Designer labels like Alexander Wang, Allan Edmonds, and Helmut Lang sell for an average price of $US140, and Nacianceno cleared over $US25,000 in revenue last year.
All resale companies take a cut of the money that you make by reselling your clothes, which is why some people are running their own sales on Instagram instead. Using the hashtag #shopmycloset, which has over one million posts, they post photos of clothing and accessories that they don’t want anymore, and take bids in the comments.
Susanna Hindman, who blogs at Revisionary Life, hosts #shopmycloset sales on a dedicated Instagram account, @shopsuzyscloset. “Your following tends to already like your personal style,” she tells Business Insider. “That’s often why they follow you, so marketing exclusively to an audience that enjoys your personal taste seems to produce a higher return and more competitive bids.” Her last sale earned her around $US100 on previously owned children’s clothes.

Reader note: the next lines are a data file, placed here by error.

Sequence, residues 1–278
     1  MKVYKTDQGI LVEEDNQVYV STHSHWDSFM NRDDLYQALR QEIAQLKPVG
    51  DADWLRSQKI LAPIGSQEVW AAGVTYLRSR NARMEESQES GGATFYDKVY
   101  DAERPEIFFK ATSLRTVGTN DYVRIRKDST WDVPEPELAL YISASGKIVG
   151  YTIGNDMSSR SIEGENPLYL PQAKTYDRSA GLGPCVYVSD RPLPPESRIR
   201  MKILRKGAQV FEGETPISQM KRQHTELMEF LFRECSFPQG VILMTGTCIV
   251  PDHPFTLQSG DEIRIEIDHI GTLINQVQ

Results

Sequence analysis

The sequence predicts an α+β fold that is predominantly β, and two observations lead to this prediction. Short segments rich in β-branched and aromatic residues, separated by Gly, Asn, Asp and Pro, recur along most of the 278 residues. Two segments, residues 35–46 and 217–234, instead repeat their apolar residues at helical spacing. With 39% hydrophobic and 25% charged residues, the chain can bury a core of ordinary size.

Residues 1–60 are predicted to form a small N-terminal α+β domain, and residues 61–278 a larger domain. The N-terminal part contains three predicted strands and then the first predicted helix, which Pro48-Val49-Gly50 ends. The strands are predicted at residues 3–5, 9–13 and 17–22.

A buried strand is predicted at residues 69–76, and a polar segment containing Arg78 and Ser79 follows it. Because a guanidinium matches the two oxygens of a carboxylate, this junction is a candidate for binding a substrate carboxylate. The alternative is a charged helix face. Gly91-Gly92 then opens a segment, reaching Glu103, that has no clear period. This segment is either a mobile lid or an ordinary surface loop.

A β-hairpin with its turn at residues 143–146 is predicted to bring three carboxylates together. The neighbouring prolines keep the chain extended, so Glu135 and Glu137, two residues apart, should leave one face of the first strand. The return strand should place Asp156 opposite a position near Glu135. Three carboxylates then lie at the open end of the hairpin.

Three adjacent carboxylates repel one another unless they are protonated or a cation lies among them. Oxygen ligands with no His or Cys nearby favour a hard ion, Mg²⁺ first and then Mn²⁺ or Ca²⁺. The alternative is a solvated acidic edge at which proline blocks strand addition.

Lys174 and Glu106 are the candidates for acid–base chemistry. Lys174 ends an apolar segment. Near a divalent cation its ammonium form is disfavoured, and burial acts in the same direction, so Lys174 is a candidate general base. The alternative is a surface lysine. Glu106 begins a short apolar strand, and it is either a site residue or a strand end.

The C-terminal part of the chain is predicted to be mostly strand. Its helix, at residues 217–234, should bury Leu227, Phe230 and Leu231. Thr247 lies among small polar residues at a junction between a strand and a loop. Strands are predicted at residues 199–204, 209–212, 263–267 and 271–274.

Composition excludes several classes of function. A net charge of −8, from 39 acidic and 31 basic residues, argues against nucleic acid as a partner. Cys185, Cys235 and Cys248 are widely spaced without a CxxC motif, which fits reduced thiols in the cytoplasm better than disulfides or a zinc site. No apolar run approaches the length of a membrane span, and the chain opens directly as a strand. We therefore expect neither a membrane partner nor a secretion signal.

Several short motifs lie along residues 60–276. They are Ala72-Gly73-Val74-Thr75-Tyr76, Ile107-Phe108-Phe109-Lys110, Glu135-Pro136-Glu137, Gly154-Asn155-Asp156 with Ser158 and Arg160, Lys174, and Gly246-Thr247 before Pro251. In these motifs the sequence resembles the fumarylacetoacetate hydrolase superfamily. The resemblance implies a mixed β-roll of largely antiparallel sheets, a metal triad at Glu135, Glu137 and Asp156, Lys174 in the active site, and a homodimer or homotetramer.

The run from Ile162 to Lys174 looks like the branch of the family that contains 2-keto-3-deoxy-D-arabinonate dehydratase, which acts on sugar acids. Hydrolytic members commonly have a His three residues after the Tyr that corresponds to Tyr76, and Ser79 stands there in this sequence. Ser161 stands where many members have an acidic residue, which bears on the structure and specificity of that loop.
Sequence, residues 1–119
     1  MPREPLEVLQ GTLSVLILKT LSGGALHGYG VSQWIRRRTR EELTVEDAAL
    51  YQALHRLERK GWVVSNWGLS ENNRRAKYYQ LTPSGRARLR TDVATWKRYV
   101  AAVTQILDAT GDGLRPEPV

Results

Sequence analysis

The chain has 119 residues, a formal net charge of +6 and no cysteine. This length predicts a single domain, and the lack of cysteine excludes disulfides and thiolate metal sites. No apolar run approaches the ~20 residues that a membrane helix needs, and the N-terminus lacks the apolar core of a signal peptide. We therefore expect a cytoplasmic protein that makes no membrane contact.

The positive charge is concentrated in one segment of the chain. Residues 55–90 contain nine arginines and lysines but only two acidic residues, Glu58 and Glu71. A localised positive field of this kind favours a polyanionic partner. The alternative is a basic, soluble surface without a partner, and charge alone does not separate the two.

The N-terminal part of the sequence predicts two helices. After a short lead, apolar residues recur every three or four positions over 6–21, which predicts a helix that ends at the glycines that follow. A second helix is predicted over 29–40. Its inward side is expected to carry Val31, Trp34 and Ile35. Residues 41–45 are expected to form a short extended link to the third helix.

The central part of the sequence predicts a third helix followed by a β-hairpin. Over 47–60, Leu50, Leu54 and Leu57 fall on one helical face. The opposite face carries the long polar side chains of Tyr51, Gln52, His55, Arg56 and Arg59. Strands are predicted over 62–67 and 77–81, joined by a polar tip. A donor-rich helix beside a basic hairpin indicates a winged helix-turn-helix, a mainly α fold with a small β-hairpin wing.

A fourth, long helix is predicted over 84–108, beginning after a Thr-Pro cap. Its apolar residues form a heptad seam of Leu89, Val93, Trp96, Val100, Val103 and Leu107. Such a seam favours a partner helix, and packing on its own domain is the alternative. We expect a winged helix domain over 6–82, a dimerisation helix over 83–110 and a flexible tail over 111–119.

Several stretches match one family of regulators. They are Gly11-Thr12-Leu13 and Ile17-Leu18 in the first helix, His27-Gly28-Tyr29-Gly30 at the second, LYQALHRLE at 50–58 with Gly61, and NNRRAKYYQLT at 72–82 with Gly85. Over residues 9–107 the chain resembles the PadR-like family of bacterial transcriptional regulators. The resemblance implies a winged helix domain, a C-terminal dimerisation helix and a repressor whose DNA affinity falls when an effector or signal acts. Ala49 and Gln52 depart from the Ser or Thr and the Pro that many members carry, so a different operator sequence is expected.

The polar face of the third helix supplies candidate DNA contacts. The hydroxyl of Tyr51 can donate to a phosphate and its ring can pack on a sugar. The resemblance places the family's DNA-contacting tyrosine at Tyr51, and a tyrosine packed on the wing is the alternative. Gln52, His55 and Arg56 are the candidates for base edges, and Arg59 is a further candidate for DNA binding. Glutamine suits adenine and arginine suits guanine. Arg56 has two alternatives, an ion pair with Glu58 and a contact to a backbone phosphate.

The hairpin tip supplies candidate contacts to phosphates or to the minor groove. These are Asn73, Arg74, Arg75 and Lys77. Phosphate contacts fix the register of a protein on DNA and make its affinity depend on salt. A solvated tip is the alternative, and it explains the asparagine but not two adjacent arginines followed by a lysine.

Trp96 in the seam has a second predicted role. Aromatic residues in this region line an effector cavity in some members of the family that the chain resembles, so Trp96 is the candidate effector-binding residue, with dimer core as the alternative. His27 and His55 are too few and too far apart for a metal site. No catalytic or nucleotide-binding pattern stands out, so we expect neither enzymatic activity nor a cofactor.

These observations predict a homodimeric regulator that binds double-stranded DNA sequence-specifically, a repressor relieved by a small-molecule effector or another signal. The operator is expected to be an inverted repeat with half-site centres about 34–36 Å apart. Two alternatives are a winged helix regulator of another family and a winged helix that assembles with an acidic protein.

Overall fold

Although doing business through Instagram isn’t a violation of the app’s policies, it’s not encouraged, either. There’s no “Buy” button and no built-in way to pay a seller, so users have to find workarounds.
In a guide posted on her blog, Hindman explains that she asks the winning bidder to leave an email address so she can send them a money request through Paypal. The rest of the transaction takes place on Paypal, which gives the buyer security.
No matter how you choose to do it, one thing is clear: Reselling your clothes is big business. So if there’s anything you don’t love currently hanging in your closet, you may want to cash in.